C doubt- union

  • Thread starter sangeeta chowdhary
  • Start date
S

sangeeta chowdhary

#include<stdio.h>
Hey friends ,I want to discuss this code

int main()
{
union a
{
int i;
char ch[2];
};
union a u;
u.ch[0]=3;
u.ch[1]=2;
printf("%d %d %d\n",u.ch[0],u.ch[1],u.i);
return 0;
}

Lets suppose int takes 4 bytes,and char takes 1 byte
According to me,4 bytes will be allocated for union,0th byte will be
for ch[0],1st byte will be for ch[1],and 0-3 bytes for int.
Now ch[0] holds- 00000011
and ch[1] holds- 00000010
and in this way u.i should have-00000011 00000010 00000000 00000000

But output of this code is- 3 2 515

Please tell me where I am going wrong?
 
I

Ian Collins

#include<stdio.h>
Hey friends ,I want to discuss this code

int main()
{
union a
{
int i;
char ch[2];
};
union a u;
u.ch[0]=3;
u.ch[1]=2;
printf("%d %d %d\n",u.ch[0],u.ch[1],u.i);
return 0;
}

Lets suppose int takes 4 bytes,and char takes 1 byte
According to me,4 bytes will be allocated for union,0th byte will be
for ch[0],1st byte will be for ch[1],and 0-3 bytes for int.
Now ch[0] holds- 00000011
and ch[1] holds- 00000010
and in this way u.i should have-00000011 00000010 00000000 00000000

Two things:

1) the byte order of an int depends on the machine type. The ordering
you describe is big endian. You are probably using an x86 based
machine, which is little endian (look these up!).

2) the values of the remaining bytes in u.i are undefined, so they could
contain anything.
But output of this code is- 3 2 515

Try changing your print specifier to ""%d %d %x\n" to see the value of i
in hex.
Please tell me where I am going wrong?

Using poor subject lines?
 
I

Ian Collins

1) the byte order of an int depends on the machine type. The ordering
you describe is big endian. You are probably using an x86 based
machine, which is little endian (look these up!).

The order he describes is correct for storage of u.ch[] regardless of
endianness of the machine, it is interpreted in little-endian order by
his printf("%d", u.i). The endianness is not a factor until then.

I didn't say otherwise.
 
S

sangeeta chowdhary

The order he describes is correct for storage of u.ch[] regardless of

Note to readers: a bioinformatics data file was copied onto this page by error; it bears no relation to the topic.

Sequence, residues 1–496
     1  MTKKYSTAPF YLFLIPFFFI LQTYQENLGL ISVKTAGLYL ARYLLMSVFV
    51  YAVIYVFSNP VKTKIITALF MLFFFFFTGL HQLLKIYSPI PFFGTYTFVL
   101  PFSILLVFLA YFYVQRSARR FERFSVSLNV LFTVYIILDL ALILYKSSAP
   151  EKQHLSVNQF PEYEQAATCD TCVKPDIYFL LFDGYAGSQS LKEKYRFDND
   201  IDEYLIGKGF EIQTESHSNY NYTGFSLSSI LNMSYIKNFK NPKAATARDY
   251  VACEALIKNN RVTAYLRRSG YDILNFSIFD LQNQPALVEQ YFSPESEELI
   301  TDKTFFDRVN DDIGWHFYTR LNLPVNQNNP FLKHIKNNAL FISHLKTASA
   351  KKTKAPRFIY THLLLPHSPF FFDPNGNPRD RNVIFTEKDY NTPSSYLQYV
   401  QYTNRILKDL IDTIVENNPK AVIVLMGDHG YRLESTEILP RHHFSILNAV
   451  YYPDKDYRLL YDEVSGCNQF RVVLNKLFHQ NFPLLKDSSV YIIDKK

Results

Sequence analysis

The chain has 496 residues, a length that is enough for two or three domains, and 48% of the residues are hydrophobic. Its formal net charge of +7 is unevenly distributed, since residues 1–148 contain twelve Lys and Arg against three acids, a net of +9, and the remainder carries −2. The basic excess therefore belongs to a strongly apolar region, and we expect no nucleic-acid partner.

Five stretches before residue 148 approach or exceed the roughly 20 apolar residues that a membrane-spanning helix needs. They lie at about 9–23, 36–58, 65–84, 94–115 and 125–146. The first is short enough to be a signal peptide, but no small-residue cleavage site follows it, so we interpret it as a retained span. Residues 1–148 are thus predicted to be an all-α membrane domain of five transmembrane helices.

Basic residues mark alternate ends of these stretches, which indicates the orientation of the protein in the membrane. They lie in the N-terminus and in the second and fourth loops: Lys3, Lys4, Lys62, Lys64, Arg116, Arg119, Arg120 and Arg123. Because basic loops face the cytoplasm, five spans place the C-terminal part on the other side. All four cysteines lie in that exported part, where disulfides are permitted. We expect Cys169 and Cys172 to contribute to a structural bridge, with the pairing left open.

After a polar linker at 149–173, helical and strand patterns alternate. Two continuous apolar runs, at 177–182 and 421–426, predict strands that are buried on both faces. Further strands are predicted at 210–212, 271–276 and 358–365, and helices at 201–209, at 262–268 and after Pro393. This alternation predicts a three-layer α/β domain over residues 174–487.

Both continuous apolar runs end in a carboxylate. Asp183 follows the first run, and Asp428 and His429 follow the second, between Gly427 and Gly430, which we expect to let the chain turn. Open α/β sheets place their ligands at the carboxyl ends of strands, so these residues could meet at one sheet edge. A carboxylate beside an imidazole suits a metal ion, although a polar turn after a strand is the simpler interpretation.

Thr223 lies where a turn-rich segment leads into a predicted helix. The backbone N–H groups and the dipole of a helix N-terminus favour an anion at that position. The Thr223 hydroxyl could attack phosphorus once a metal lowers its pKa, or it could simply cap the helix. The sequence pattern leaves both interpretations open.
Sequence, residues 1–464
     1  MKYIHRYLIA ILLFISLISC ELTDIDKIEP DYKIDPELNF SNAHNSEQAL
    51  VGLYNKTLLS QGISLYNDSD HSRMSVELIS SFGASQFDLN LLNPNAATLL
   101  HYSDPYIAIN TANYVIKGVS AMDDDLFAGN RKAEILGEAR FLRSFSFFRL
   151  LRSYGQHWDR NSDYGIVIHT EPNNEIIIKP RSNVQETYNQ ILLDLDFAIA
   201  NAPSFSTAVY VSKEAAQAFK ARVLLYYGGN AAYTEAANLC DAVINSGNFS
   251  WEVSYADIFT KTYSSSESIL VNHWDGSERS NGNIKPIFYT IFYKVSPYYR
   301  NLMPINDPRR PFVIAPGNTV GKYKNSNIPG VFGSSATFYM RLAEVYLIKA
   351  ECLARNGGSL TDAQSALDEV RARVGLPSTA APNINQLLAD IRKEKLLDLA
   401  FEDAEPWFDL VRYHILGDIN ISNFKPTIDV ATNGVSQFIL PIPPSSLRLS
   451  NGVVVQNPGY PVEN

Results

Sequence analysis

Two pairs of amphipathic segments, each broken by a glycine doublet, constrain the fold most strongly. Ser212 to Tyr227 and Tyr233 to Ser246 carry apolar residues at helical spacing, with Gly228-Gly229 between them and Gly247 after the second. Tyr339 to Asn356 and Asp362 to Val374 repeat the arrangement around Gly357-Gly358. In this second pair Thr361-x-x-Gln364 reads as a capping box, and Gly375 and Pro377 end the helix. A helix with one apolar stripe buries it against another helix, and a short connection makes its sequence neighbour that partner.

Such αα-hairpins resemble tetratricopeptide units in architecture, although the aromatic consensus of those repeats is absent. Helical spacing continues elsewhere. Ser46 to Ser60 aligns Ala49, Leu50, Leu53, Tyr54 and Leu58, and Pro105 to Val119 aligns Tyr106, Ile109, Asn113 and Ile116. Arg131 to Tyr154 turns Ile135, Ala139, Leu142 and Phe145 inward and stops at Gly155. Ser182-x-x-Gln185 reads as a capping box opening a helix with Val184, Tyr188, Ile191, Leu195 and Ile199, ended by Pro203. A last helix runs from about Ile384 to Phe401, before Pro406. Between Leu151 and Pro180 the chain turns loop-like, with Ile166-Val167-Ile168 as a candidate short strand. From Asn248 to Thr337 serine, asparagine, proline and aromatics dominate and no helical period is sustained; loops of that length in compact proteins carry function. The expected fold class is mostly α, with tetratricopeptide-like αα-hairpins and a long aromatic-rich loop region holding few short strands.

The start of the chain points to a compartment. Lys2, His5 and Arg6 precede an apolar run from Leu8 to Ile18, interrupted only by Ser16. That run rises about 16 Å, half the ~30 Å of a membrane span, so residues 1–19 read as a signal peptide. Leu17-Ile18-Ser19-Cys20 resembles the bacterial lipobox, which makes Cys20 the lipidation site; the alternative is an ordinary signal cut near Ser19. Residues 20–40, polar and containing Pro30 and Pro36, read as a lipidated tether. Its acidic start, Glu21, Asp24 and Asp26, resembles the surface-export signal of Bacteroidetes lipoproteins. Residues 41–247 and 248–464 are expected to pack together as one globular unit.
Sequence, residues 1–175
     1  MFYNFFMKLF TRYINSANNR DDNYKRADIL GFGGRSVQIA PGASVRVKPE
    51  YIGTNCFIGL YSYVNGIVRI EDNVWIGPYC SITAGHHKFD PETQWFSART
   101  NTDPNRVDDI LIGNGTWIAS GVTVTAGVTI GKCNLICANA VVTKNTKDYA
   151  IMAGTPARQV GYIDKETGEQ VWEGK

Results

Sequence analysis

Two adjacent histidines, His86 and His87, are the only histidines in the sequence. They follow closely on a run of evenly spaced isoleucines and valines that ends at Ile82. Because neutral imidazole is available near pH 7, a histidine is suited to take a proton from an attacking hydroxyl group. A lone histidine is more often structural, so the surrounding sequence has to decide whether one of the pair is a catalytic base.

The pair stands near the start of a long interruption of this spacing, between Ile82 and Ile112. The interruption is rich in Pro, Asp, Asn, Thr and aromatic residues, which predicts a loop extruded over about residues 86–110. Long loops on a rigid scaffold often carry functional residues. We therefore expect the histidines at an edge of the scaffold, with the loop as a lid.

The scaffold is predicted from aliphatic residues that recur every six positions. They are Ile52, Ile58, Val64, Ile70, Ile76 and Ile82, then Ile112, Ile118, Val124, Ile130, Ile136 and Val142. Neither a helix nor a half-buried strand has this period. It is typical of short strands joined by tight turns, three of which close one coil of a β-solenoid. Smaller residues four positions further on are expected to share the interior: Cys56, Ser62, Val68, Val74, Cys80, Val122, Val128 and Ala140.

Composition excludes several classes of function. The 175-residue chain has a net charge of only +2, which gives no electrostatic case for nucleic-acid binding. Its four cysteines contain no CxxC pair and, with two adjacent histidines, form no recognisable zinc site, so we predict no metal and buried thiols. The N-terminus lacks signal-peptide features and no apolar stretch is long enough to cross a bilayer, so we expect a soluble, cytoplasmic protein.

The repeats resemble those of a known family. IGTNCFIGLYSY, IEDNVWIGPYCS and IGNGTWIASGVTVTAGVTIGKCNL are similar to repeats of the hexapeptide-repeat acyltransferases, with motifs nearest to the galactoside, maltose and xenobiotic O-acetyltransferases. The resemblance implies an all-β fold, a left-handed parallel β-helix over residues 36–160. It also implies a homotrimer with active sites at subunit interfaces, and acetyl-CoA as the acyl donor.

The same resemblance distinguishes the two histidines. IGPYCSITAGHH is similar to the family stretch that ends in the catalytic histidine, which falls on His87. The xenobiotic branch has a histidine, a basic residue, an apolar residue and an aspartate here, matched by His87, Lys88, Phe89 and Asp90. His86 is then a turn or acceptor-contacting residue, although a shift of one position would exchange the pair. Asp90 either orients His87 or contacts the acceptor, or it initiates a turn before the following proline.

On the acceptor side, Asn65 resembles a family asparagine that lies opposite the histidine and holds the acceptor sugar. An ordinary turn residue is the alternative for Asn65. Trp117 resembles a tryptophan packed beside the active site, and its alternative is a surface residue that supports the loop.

endianness of the machine, it is interpreted in little-endian order by
his printf("%d", u.i). The endianness is not a factor until then.

I didn't say otherwise.

Hey guys thanks a lot.
 
B

blmblm

and in this way u.i should have-00000011 00000010 00000000 00000000

The contents of u.i will depend on whether the remaining bytes of the
union are initialized to zero or not. As written, your code produced
3 2 -859045373 in my Microsoft compiler because the contents of the
union was initialized to 03 02 CC CC in debug mode. (little-endian)
But output of this code is- 3 2 515

This is correct for your concept of the contents you outlined. You
must access a union using the same method that you initialized it. It
is an error to input char[] and retrieve int.

Well .... What do you mean here by "error"?

There was a discussion of this sort of thing in a recent thread
with subject line "dereferencing type-punned pointer" [1], and what
I understand from that thread is that C89 makes few if any guarantees
about what happens if you try to reference one member of a union type
after storing into a different member [2], but C99 is somewhat more
explicit about what happens (the bits are reinterpreted, with results
that are implementation-dependent).

[1] Suggestions for better ways of referencing a previous thread
welcome. I guess I could find it in Google's archives and post
a link to -- something?

[2] I'm not quite sure from a quick review of the earlier thread
whether there's an exception if one of the members involved is an
array of "char".
 
B

blmblm

On Sat, 3 Jul 2010 23:50:22 -0700 (PDT), sangeeta chowdhary

and in this way u.i should have-00000011 00000010 00000000 00000000

The contents of u.i will depend on whether the remaining bytes of the
union are initialized to zero or not. As written, your code produced
3 2 -859045373 in my Microsoft compiler because the contents of the
union was initialized to 03 02 CC CC in debug mode. (little-endian)


But output of this code is- 3 2 515

This is correct for your concept of the contents you outlined. You
must access a union using the same method that you initialized it. It
is an error to input char[] and retrieve int.

Well .... What do you mean here by "error"?

A programmer error.

Ah. Well, I'm not sure I agree, though admittedly I can think of
more examples in which one might want to store an int and then
access that memory as an array of char than the other way around.
 

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